In February 1999, Lauryn Hill all but swept the Grammys: She came into the evening with ten nominations for The Miseducation of Lauryn Hill and took home five wins, including the first-ever hip-hop album of the year award. That day, The Recording Academy’s then-president, Michael Greene, confessed that while he had loved Hill’s album, he had wondered “if the academy membership would get it. But they got it. They got it big-time.”
Hill’s win wasn’t the only major breakthrough in 1999. Every album of the year nominee was either female or female-led: Hill, Shania Twain, Madonna, Sheryl Crow and Garbage, fronted by Shirley Manson. And all but one of the record of the year nominees were women, with Céline Dion winning for “My Heart Will Go On.” When asked what she thought of women’s dominance at the show, Dion hesitated at first, then went for it: “It’s wonderful that there are a lot of women coming forward in politics and show business. Good for us.”
But if academy members really “got” something that year, they quickly lost it. In the 20 years since, no woman in hip-hop has won the show’s top prize. (In fact, only one other rap album has: Outkast’s Speakerboxxx/The Love Below. Six women artists — including Adele and Taylor Swift — have won on their own.) And the closest the Grammys has come to a similarly inclusive album of the year field was last year, when no nominees were white males — and only one, Lorde, was a woman. As if to grind salt into the wound, after January’s show, Recording Academy president/CEO Neil Portnow said that if women musicians wanted better representation, they should “step up.”
But in 1999, for once, the heel was on the other foot — the culmination of a gradual rapprochement between the Grammys and women artists. Only one album award was won in the 1970s by a woman (Carole King), and 0.5 in the 1980s — that half-Grammy going to Yoko Ono in 1982 for her part in Double Fantasy with John Lennon (and it would have been a quadruple fantasy for anyone to imagine she was the central figure on the academy’s mind there). From Bonnie Raitt in 1990 to Hill in 1999, by contrast, women would win the album hardware six times — a majority by a squeak. The systemic barriers to participation, recognition and power that women face in the industry didn’t just disappear for that decade. So why were the 1990s different for female visibility at the awards?
With the Grammys, part of the explanation is always what else is being omitted. Youth culture in the early and mid parts of the decade was dominated by the sounds of alt-rock and rap, which were unlikely to be most sonically conservative Grammy voters’ cup of Black Label. (No one would have predicted that Nirvana’s former drummer, Dave Grohl, would someday become the unofficial mayor of Grammyland.) So Raitt’s win at the start of the decade was a harbinger of voters’ frequent resort to more nostalgic music as an alternative to alternative, which provided an opening for some female artists (see also Natalie Cole’s 1992 win for Unforgettable… With Love).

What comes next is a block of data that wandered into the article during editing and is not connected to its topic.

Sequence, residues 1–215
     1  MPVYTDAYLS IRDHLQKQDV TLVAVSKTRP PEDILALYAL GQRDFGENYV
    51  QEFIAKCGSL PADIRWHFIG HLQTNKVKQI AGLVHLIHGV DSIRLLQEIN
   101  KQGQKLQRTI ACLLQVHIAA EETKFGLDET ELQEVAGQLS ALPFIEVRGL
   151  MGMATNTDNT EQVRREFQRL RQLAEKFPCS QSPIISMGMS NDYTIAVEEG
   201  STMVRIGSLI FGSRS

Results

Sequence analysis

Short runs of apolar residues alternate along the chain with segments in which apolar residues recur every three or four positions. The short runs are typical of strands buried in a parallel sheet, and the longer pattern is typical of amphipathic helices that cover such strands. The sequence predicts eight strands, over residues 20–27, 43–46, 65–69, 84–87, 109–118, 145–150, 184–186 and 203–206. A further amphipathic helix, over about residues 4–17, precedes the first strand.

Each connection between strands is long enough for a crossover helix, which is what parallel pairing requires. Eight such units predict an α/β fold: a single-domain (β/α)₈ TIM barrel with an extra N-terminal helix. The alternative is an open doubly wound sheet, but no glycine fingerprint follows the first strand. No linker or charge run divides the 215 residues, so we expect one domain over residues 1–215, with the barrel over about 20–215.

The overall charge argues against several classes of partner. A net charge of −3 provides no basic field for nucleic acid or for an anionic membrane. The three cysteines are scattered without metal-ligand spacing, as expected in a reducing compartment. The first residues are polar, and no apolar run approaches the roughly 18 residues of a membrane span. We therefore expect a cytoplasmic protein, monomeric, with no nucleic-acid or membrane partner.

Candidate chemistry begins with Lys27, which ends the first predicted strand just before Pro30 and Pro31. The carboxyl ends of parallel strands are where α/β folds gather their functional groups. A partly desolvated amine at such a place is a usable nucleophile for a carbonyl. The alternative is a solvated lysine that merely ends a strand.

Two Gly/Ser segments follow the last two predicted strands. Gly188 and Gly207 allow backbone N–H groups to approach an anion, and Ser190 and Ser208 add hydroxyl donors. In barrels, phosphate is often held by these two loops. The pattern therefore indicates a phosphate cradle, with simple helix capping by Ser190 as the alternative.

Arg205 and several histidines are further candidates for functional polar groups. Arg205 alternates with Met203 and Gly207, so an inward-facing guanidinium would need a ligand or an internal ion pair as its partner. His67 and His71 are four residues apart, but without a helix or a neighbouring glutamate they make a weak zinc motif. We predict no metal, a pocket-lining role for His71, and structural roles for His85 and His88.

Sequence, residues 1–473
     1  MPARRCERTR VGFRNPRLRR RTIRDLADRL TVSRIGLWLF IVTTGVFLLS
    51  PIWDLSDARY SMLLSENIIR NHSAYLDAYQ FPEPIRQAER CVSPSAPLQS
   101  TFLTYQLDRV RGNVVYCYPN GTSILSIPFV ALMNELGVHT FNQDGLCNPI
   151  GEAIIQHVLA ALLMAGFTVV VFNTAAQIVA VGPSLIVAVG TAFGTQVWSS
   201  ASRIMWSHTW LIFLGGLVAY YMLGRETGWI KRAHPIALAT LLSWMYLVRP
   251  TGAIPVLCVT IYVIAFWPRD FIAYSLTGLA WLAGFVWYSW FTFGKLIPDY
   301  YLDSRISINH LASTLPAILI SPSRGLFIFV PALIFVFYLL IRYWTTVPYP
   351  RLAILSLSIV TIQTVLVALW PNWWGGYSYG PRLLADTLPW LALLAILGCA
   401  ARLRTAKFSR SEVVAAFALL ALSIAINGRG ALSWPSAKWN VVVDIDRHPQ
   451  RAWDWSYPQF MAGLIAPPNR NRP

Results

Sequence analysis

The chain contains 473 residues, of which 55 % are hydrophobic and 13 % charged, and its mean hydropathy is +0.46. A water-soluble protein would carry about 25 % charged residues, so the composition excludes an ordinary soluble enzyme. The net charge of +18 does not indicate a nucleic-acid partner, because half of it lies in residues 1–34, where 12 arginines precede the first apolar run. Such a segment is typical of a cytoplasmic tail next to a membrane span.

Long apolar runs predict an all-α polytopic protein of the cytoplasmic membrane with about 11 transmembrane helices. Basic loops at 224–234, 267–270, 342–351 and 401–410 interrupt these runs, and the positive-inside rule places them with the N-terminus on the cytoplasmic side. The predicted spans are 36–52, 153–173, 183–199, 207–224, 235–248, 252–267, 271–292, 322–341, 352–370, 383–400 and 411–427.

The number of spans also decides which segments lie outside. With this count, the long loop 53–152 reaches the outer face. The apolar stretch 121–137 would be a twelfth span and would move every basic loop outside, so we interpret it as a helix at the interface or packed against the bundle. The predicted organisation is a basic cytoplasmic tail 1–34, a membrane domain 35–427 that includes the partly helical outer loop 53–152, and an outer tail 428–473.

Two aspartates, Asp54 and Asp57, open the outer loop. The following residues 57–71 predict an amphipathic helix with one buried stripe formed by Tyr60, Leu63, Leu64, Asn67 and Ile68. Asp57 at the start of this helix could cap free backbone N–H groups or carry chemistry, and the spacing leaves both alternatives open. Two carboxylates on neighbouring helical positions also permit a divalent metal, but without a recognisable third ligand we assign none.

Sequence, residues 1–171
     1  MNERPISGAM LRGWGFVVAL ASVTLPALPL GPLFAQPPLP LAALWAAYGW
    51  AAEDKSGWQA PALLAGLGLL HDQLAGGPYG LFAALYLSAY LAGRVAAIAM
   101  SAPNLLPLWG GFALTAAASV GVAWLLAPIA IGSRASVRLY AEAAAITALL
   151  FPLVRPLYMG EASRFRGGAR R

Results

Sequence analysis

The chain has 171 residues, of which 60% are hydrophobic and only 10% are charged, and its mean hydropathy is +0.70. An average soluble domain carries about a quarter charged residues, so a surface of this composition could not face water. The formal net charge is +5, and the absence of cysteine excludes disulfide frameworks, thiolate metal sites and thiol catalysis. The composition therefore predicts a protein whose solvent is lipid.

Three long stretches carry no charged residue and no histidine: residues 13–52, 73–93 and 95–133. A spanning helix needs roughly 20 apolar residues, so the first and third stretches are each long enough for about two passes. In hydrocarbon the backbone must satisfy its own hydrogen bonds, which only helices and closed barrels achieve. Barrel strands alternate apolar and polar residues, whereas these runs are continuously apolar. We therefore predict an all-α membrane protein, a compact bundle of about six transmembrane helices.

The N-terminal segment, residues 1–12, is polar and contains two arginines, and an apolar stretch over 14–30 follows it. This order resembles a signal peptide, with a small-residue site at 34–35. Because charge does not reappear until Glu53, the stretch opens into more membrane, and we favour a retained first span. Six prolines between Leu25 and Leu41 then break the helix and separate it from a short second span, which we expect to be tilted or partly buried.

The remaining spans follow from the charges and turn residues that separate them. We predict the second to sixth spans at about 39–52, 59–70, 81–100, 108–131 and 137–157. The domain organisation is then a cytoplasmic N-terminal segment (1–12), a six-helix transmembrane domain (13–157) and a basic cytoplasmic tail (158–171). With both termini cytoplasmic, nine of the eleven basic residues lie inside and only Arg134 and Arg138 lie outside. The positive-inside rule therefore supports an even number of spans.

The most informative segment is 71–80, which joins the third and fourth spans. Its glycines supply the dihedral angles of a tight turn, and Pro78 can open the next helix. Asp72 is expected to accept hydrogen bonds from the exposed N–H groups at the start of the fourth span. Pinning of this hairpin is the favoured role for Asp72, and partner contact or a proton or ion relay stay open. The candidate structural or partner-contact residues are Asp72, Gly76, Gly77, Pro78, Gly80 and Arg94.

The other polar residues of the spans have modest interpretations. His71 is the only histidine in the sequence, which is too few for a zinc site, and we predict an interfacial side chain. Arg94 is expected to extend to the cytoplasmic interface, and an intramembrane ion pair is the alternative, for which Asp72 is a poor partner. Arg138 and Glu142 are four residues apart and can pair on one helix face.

But women were also a moving force in several true pop trends of the decade. The mid-1990s were prime time for a new generation of power-ballad divas, yielding Whitney Houston’s 1994 album win for The Bodyguard’s soundtrack and Dion’s 1997 triumph with Falling Into You. Indeed, one of the surprises of the ’90s is that this prize never went to Twain, who spent the era bringing a similar belter’s sensibility to country and practically remade the genre in her image in the process.
In between, a hint of grunginess snuck into the album winners’ roster as Alanis Morissette’s Jagged Little Pill took the prize in 1996. But her style overlapped with another key sound on the rise in mid-’90s pop, which came from a cohort of folk-influenced, nouveau-hippie female singer-songwriters. Both sides would be highlighted in 1999, with the noisier Garbage and the rootsier Crow representing a wider-than-ever spectrum of sounds from women artists.
It’s also impossible to analyze the women’s-year phenomenon at the 1999 Grammys without recalling that it came about in the middle of Lilith Fair’s run as one of the biggest attractions on the summer festival circuit. Sarah McLachlan’s brainchild was not just a visible manifestation of women’s musical prominence — it also brought third-wave feminism (though usually lightly worn, like a saffron sarong) to the music industry, asserting that a woman’s place was not only center stage behind a microphone but also at the helm of her own career and as a power broker behind the scenes.
While Lilith Fair started off conspicuously pale-complexioned in 1997, it grew more intersectional in its next two editions, featuring artists like Neneh Cherry and Erykah Badu. It was all part of a period during which “alternative” retained some coherent meaning, not just as a format label but as a conscious cultural project beyond mainstream bounds. Those kinds of interventions contributed to an atmosphere in which even Grammy voters could grasp the importance of a figure like Hill, as well as her music, which drew together many sonic strands of the decade and which still carries a charge today.
It’s dispiriting to think it still might take a movement to win a slate of brilliant women the honors they deserve — but the upside is that we’ve got one, in #MeToo and Time’s Up and in their allies against harassment and unequal treatment. And in answer to 2018’s letdowns, the Grammys expanded the nominations from five to eight for each of 2019’s biggest prizes. Will that be enough to correct the academy’s run of bad calls and reawaken the spirit of ’99? One can only sing along with Hill: “Guys, you know you’d better/Watch out.”